Channel Vendors Prepare to Introduce More Ultra-Small Notebooks

Asus will continue to sell the original, Intel Celeron-powered Eee 701, but has for all practical purposes spiked the Celeron-based, 8.9-inch-screened Eee 900 it introduced barely two months ago in favor of two Atom-based portables called the Eee 901 (with the 8.9-inch display) and Eee 1000 (with a 10-inch screen). The name, by the way, now stands for "Easy, Excellent, and Exciting" instead of the 701's "Easy to work, Easy to learn, Easy to play."

Unlike their finger-cramping predecessor, all the new models boast larger keyboards -- 92 percent of full size for the 1000 -- as well as Super Hybrid Engine technology, a fancy name for different CPU speed/voltage and LCD brightness settings when on battery power. Asus claims battery life of up to 7.8 hours for the 901 and 7 hours for the 1000, with Bluetooth as well as 802.11n wireless for all three.

Like the 900, the 901 will be available with Linux and a 12GB solid-state drive or Windows XP and (thanks to the difference in operating system cost) an 8GB SSD. The Eee 1000 comes with Linux and a 40GB solid-state drive, while the Win XP model 1000H carries an 80GB hard disk. Prices have not yet been announced, though rumor has them climbing as high as $650 for the 10-inch system. That could move the Eee brand from a near-impulse-buy bargain into direct competition with larger, better-equipped notebooks.

These new portables join a growing crop of under-four-pound, under-$1,000 alternatives to familiar, more-briefcase-ballast laptops. HP is already in the arena with its 2133 Mini-Note. And Michael Dell was recently spotted at an industry conference toting a reportedly under-$500,  Atom-based, Win XP or Ubuntu Linux-equipped mini Inspiron which Dell referred to as a product for "the next billion Internet users".

While pretty much everybody expects HP to upgrade the 2133 with an Atom processor, the current model uses VIA's sluggish, antique C7-M chip -- that's "antique" as in Computex 2005. The C7-M also powers the OpenBook reference design that VIA made available to would-be mini-note manufacturers last month -- that's "made available" as in open source, with VIA releasing the CAD files of the OpenBook's external design under a free Creative Commons license.

But VIA has a brand-new CPU now making the rounds of netbook and motherboard OEMs, whom it expects to ship systems in the third quarter of this year. The VIA Nano is a 64-bit superscalar processor with speculative out-of-order microarchitecture for sophisticated branch prediction and what VIA calls the lowest floating-point add and multiply latencies of any x86 processor

Built with Fujitsu's 65-nanometer-process technology, the Nano features an 800MHz front-side bus; two 64K Level 1 caches and a 1MB Level 2 cache; and VIA's PadLock on-die security engine for AES cryptographic acceleration in hardware. It's available in three mobile-focused models with idle power as low as 0.1 watt: the Nano U2300 (1.0GHz, 5 watt TDP), U2500 (1.2GHz, 6.8 watt TDP), and U2400 (1.3GHz, 8 watt TDP).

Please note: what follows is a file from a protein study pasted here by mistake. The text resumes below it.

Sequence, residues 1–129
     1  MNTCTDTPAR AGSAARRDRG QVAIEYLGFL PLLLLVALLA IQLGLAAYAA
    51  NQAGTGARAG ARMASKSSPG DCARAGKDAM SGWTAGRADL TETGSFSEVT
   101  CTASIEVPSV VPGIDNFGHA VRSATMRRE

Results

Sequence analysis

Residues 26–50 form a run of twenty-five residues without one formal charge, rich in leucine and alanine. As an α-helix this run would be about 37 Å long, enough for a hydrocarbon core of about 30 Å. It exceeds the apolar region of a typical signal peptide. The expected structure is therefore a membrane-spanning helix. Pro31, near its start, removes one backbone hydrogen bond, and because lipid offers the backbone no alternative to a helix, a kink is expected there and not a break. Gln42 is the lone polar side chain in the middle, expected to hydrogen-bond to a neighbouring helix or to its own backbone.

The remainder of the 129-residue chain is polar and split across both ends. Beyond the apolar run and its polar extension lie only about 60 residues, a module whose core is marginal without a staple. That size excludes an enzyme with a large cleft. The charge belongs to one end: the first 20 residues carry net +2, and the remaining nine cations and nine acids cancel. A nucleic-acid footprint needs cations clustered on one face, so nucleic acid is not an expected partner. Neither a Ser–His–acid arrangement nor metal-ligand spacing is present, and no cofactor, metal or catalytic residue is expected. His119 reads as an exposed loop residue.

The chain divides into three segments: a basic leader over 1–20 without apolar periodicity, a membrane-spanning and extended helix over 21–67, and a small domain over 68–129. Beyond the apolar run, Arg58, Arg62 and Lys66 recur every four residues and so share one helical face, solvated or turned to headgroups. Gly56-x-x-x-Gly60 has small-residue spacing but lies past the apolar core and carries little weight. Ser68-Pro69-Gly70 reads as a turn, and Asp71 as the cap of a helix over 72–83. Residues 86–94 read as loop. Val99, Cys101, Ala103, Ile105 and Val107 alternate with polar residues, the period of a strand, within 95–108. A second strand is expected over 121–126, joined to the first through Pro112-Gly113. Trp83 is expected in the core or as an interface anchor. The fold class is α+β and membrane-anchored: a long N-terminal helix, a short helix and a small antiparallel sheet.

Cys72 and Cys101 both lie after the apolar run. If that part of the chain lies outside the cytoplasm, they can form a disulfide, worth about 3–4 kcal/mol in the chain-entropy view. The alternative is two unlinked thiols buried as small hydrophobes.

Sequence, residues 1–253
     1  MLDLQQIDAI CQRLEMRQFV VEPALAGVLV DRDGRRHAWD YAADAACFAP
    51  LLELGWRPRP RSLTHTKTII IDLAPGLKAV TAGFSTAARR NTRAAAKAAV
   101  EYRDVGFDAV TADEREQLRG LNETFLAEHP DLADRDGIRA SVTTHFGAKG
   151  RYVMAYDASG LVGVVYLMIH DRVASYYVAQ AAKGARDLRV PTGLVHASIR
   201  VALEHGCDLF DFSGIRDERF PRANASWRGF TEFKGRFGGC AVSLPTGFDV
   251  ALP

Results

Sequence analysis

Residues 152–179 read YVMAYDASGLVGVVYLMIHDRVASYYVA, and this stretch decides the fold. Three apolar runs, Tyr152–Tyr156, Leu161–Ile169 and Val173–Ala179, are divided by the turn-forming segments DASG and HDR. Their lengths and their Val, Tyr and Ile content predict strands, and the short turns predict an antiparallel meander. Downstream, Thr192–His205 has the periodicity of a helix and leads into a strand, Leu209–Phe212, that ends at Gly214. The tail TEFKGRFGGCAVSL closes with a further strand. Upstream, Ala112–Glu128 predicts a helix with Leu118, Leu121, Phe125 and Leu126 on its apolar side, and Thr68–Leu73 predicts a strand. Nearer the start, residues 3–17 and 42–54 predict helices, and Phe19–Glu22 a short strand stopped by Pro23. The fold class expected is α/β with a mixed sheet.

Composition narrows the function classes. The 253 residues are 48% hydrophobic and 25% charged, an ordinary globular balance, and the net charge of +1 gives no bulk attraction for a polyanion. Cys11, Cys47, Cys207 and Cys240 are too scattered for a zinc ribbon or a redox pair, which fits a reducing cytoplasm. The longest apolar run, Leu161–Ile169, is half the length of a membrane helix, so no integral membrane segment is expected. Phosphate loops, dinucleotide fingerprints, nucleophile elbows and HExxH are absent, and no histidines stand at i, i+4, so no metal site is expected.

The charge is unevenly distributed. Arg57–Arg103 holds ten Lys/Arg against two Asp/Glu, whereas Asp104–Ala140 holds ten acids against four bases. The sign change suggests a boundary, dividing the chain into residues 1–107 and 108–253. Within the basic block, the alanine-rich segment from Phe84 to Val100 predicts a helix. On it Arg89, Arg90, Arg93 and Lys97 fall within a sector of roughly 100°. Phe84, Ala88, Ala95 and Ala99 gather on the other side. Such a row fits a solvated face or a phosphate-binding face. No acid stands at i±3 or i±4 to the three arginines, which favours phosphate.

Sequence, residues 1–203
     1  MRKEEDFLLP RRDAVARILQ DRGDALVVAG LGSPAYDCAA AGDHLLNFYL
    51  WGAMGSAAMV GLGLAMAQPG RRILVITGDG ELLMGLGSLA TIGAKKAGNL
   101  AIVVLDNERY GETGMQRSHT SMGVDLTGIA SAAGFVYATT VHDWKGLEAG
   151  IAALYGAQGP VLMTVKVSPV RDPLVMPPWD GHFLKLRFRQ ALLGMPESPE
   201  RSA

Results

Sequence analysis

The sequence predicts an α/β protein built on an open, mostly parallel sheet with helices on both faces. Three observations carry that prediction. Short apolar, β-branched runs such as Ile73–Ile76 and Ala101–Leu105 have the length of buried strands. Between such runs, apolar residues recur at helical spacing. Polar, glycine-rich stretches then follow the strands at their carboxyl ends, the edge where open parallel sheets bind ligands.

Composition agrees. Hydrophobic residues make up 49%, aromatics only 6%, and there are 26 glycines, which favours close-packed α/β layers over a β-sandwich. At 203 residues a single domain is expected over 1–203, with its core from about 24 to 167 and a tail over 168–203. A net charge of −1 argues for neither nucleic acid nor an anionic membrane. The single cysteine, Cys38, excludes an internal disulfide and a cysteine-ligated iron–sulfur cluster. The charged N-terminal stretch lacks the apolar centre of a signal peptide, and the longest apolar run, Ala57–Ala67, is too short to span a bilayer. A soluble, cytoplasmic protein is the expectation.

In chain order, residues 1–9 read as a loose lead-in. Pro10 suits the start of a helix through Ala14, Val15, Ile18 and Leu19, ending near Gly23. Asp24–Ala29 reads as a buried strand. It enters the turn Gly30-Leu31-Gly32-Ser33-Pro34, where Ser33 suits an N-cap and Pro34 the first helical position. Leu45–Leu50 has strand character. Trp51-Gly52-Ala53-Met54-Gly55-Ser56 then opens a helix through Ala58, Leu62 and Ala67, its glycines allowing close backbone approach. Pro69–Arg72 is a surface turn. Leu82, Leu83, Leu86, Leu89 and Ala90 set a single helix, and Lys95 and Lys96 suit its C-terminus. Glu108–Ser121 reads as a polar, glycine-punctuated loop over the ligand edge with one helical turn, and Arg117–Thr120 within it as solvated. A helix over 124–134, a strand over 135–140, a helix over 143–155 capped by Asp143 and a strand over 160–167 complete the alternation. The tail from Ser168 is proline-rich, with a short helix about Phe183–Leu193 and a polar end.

Space-saving and silent desktop or media-center PC manufacturers can choose between a 17-watt Nano L2200 (1.6GHz) and 25-watt model L2100 (1.8GHz). By the way, the Nano is a plug-in, pin-for-pin compatible replacement for the C7 in OpenBook and other designs.

PC graphics heavyweight Nvidia Corp. made a splash Monday with the announcement of a mobile platform named Tegra, which is not just a CPU but a single-chip computer smaller than a dime, designed to deliver up to 10 times the power efficiency of current battery-powered platforms for visual computing applications.

Instead of shrinking down PC technology, Nvidia brags, Tegra was designed from the ground up for tiny Internet and computing devices that company president and CEO Jen-Hsun Huang says "are going to be magical."

The Tegra 650 combines an 800MHz processor from embedded-CPU specialist ARM with graphics and video silicon from Nvidia, including a high-definition video processor with 1080p HDMI output (as well as NTSC/PAL TV-out and WSXGA+ LCD or CRT support); an ultra-low power GeForce graphical processing unit; and imaging and audio processors, plus tidbits such as WiFi, disk drive, and keyboard and mouse support.

Products based on the Tegra 650 -- as well as the Tegra APX 2500, a processor designed for Windows Mobile smartphones -- are scheduled to reach consumers toward the end of this year.

Finally, entry-level PCs like the Eee 701,  and ritzy PCs like the Lenovo ThinkPad X300, have made no-moving-parts, solid-state storage an increasingly familiar part of computing performance, and Computex is crowded with examples.

Super Talent Technology has unveiled a new line of 1.8-inch SSDs based on the Serial ATA interface, with claimed maximum read and write speeds of 120MB/sec and 40GB/sec, respectively. Just 5mm thick, the MasterDrive KX drives are available in 30GB ($299), 60GB ($449), and 120GB ($679) capacities.

Focusing on the more affordable ULCPC segment, familiar flash-drive vendor SanDisk hit the show with a line of Parallel ATA (a.k.a. IDE) drives with 39MB/sec streaming read and 17MB/sec streaming write performance. The SanDisk pSSD drives will be available in August in 4GB, 8GB, and 16GB sizes.

That well-known disk manufacturer Intel is showing off a Parallel ATA solid-state drive that's four times smaller and lighter than a conventional 1.8-inch hard disk. Weighing in at 10 grams, the Z-P230 is offered with 4GB or 8GB of capacity (with a 16GB version promised for the fourth quarter). Its max read throughput is 35MB/sec and its max write throughput is 7MB/sec.

(This article was adapted from Internetnews.com and written by Eric Grevstad.)

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